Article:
The New Schaff-Herzog Encyclopedia of Religious Knowledge - Vol. 5

The New Schaff-Herzog Encyclopedia of Religious Knowledge - Vol. 5

Read FREE!

The New Schaff-Herzog Encyclopedia of Religious Knowledge - Vol. 5

The New Schaff-Herzog Encyclopedia of Religious Knowledge - Vol. 5

Read FREE!

Excerpt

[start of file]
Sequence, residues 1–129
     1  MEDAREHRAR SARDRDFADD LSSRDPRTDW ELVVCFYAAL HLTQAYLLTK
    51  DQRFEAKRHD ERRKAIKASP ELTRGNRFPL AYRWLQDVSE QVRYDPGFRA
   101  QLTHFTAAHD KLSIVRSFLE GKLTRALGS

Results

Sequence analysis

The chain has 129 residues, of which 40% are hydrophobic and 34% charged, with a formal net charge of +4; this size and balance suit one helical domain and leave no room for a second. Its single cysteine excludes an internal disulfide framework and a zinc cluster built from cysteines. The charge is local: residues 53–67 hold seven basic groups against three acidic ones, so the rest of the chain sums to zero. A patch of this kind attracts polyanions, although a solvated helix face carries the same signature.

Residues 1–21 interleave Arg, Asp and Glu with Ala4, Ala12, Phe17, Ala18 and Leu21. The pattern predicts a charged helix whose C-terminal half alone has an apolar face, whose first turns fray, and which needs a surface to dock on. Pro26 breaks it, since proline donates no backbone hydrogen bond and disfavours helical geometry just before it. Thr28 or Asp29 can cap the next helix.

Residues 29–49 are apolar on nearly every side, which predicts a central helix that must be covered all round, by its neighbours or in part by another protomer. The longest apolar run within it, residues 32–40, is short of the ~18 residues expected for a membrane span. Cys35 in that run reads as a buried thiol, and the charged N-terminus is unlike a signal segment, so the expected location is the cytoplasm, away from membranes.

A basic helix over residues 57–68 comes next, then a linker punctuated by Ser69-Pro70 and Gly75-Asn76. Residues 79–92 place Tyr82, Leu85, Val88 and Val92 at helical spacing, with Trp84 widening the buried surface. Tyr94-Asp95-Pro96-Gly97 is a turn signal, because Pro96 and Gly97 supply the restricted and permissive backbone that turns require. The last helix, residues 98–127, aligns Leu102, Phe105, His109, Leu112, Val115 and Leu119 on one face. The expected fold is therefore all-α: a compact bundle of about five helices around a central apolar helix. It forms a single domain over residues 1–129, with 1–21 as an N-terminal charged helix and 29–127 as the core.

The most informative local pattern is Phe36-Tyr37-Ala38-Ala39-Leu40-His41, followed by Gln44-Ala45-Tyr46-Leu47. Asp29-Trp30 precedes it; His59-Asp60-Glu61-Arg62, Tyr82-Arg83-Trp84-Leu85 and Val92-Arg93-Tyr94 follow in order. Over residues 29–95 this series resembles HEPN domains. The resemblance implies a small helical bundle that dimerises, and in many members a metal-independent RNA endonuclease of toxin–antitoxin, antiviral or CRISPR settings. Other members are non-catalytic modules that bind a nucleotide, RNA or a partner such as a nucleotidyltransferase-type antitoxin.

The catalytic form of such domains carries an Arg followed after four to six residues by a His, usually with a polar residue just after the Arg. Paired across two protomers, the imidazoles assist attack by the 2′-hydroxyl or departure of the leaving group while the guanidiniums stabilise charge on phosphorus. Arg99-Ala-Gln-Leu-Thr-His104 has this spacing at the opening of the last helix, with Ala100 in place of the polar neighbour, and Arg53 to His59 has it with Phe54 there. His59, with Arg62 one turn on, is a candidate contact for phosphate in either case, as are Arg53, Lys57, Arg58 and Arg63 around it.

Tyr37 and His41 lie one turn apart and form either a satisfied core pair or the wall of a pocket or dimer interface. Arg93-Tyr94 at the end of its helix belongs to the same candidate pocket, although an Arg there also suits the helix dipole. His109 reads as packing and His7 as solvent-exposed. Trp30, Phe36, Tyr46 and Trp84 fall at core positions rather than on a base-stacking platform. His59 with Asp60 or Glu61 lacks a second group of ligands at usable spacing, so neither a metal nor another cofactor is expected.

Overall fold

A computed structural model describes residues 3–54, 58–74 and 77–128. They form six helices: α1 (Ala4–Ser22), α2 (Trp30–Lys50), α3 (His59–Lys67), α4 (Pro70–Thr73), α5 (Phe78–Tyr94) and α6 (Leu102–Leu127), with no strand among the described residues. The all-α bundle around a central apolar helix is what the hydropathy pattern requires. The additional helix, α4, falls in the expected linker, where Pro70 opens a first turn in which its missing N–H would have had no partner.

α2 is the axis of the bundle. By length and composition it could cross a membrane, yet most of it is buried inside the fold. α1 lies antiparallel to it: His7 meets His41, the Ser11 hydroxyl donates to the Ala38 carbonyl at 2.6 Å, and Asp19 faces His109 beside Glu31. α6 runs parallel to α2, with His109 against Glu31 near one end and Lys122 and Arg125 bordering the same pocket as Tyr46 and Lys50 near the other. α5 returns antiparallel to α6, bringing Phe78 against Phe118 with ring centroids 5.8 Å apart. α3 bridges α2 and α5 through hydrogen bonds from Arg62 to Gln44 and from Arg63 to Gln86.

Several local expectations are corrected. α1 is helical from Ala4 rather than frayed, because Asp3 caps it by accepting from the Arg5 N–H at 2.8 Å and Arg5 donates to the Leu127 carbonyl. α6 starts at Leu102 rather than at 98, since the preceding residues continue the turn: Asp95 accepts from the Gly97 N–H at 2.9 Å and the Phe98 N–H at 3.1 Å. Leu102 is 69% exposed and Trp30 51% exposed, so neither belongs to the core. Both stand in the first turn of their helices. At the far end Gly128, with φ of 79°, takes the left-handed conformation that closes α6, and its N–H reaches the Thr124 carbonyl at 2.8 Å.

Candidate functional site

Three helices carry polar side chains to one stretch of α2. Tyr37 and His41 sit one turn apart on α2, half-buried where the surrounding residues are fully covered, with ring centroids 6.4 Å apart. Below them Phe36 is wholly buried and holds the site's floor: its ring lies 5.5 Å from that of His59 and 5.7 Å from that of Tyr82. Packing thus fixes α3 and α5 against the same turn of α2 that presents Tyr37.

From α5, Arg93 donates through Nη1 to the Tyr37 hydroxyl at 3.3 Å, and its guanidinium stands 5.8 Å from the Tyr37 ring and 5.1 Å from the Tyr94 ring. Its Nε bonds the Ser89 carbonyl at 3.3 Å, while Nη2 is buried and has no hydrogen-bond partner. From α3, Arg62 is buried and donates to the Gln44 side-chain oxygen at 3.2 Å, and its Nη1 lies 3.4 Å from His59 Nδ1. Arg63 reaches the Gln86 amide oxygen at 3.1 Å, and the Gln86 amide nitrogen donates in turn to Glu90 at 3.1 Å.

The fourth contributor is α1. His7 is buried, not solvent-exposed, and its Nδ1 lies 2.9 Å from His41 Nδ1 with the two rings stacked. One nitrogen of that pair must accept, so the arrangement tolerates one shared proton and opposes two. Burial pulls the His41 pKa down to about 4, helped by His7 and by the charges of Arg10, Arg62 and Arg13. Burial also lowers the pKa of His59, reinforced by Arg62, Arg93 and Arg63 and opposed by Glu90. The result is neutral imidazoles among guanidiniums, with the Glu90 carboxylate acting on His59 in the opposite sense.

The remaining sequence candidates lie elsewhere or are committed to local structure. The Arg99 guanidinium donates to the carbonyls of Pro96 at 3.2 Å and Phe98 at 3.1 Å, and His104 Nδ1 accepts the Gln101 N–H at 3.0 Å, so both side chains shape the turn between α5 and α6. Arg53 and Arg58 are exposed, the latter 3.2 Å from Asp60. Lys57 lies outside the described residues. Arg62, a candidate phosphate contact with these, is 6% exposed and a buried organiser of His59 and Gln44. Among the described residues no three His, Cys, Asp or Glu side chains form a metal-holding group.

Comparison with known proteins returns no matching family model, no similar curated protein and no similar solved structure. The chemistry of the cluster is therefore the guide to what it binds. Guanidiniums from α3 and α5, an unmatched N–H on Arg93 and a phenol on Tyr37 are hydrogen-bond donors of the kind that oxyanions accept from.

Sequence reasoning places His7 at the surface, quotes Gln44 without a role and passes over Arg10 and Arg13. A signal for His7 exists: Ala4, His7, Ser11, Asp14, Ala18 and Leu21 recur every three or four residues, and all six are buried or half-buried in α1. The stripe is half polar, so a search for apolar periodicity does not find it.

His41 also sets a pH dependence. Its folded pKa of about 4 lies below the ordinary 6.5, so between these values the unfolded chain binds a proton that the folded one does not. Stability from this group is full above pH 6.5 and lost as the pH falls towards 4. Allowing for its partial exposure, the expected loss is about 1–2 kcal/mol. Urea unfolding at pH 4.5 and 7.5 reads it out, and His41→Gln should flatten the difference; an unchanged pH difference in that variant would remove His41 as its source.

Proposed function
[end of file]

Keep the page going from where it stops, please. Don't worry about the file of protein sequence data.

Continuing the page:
GOAR, SAINT: Reputed missionary on the Middle Rhine. According to his biography in the Acta Sanctorum, he came from Aquitaine to the Rhine in the reign of the Frankish King Childebert I. ( 511-558), and built a cell and a chapel on the site of the later town of St. Goar (on the left bank of the Rhine, 15 m. s. of Coblenz), where be passed his life in spiritual exercises and the entertainment of travelers, and converted not a few pagans. His very hospitality was made a ground of complaint by two clerics from Treves; but he defended himself so impressively before Rusticus, the bishop of that see, that King Sigebert ( 561-576) desired to make him bishop instead of Rusticus. Goar declined, returned to his cell, and died there seven years later. The legend, which goes back only to the ninth century, has not the slightest historical value. According to a document of Louis the Pious, dated 820, Pepin and his queen Bertha built a cell over the saint's grave, and Pepin is said to have assigned it to the jurisdiction of Abbot Asuer of Prüm, while Charlemagne, in 788, assigned the cell as a residence for Tassilo of Bavaria. In the eleventh century it was changed into a house of canons, and it continued so till the Reformation.

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